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Evaluation of an Electronic Module for Reconciling Medications in Home Health Plans of Care

Journal: Applied Clinical Informatics
ISSN: 1869-0327
DOI: https://doi.org/10.4338/ACI-2015-11-RA-0154
Issue: Vol. 7: Issue 2 2016
Pages: 412-424
Ahead of Print: 2016-05-25

Evaluation of an Electronic Module for Reconciling Medications in Home Health Plans of Care

Research Article

Special Topic: H3IT

H. S. Kramer (1, 2, 3), B. Gibson (2, 4), Y. Livnat (2, 5), I. Thraen (1), A. A. Brody (6, 7), R. Rupper (8, 9)

(1) HSR&D, George E Whalen Salt Lake City VA Medical Center, Salt Lake City, UT; (2) Division of Epidemiology, University of Utah School of Medicine, Salt Lake City, UT; (3) Department of Biomedical Informatics, University of Utah, Salt lake City, UT; (4) IDEAS 2.0 Center George E Whalen VA Medical Center, Salt Lake City, UT; (5) Scientific Computing and Imaging Institute, University of Utah; (6) James J Peters Bronx VA Medical Center GRECC, Bronx, NY; (7) Hartford Institute for Geriatric Nursing at the NYU College of Nursing, New York, NY; (8) George E Wahlen Salt Lake VA Medical Center, Geriatrics Research Education and Clinical Center; (9) Department of Geriatrics University of Utah School of Medicine, Salt Lake City, UT

Keywords

Patient safety, electronic medical records, Medication reconciliation, medical transition care, home health agency referrals

Summary

Objectives: Transitions in patient care pose an increased risk to patient safety. One way to reduce this risk is to ensure accurate medication reconciliation during the transition. Here we present an evaluation of an electronic medication reconciliation module we developed to reduce the transition risk in patients referred for home healthcare.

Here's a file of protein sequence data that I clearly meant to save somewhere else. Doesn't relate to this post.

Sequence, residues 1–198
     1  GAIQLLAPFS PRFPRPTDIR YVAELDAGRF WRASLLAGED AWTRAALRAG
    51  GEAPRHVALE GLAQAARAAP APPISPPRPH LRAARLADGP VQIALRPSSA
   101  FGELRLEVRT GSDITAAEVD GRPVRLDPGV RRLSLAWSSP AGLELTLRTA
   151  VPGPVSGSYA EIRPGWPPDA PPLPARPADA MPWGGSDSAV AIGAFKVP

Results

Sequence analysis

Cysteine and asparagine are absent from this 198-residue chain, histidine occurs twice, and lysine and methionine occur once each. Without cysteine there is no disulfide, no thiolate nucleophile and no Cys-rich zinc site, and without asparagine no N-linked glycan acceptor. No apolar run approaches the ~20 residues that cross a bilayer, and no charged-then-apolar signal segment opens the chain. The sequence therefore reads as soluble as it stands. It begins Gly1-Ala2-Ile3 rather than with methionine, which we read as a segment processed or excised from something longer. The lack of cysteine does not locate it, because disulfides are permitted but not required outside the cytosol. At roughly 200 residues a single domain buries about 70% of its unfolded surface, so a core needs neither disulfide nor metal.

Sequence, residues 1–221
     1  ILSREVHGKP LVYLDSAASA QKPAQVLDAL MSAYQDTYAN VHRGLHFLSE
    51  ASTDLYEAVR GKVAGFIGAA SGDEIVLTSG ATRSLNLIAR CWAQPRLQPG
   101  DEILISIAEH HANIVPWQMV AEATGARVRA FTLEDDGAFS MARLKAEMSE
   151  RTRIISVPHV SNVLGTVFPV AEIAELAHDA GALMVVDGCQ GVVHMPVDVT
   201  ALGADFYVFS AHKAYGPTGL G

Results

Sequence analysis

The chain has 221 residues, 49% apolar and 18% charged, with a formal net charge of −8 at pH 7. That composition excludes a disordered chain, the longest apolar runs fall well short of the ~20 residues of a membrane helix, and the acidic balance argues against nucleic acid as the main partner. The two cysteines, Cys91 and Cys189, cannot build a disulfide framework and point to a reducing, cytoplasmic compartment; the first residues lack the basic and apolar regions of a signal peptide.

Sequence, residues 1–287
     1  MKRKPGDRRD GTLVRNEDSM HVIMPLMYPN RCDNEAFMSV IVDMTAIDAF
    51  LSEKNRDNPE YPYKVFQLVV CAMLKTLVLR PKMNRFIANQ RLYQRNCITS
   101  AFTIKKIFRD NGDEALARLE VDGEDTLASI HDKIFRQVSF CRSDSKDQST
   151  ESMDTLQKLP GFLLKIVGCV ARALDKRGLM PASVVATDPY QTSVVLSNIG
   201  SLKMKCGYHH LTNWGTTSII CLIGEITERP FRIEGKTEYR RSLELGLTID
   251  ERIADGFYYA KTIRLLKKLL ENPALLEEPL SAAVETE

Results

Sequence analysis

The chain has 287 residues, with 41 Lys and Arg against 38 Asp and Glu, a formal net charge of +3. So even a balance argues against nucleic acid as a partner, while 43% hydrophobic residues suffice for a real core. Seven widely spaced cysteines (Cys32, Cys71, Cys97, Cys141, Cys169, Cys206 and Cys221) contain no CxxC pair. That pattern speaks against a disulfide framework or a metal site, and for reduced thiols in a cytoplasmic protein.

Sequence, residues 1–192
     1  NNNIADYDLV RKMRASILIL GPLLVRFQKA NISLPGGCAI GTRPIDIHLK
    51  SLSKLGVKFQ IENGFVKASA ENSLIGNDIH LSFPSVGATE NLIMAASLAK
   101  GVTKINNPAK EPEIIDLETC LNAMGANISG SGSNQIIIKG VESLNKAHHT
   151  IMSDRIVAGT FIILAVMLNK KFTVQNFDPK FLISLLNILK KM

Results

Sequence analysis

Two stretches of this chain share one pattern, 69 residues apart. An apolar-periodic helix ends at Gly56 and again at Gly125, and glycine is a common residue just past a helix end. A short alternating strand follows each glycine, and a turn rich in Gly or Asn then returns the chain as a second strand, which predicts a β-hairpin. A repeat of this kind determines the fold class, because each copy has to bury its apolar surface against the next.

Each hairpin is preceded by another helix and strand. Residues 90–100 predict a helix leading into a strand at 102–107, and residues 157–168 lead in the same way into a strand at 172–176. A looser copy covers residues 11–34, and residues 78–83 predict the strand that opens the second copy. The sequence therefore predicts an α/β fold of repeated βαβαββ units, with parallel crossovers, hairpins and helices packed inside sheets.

Methods: Nineteen physicians with experience in managing home health referrals were recruited to participate in this within-subjects experiment. Participants completed medication reconciliation for three clinical cases in each of two conditions. The first condition (paper-based) simulated current practice – reconciling medication discrepancies between a paper plan of care (CMS 485) and a simulated Electronic Health Record (EHR). For the second condition (electronic) participants used our medication reconciliation module, which we integrated into the simulated EHR. To evaluate the effectiveness of our medication reconciliation module, we employed repeated measures ANOVA to test the hypotheses that the module will: 1) Improve accuracy by reducing the number of unaddressed medication discrepancies, 2) Improve efficiency by reducing the reconciliation time, 3) have good perceived usability.

Results: The improved accuracy hypothesis is supported. Participants left more discrepancies unaddressed in the paper-based condition than the electronic condition, F (1,1) = 22.3, p < 0.0001 (Paper Mean = 1.55, SD = 1.20; Electronic Mean = 0.45, SD = 0.65). However, contrary to our efficiency hypothesis, participants took the same amount of time to complete cases in the two conditions, F (1, 1) =0.007, p = 0.93 (Paper Mean = 258.7 seconds, SD = 124.4; Electronic Mean = 260.4 seconds, SD = 158.9). The usability hypothesis is supported by a composite mean ability and confidence score of 6.41 on a 7-point scale, 17 of 19 participants preferring the electronic system and an SUS rating of 86.5.

Conclusion: We present the evaluation of an electronic medication reconciliation module that increases detection and resolution of medication discrepancies compared to a paper-based process. Further work to integrate medication reconciliation within an electronic medical record is warranted.

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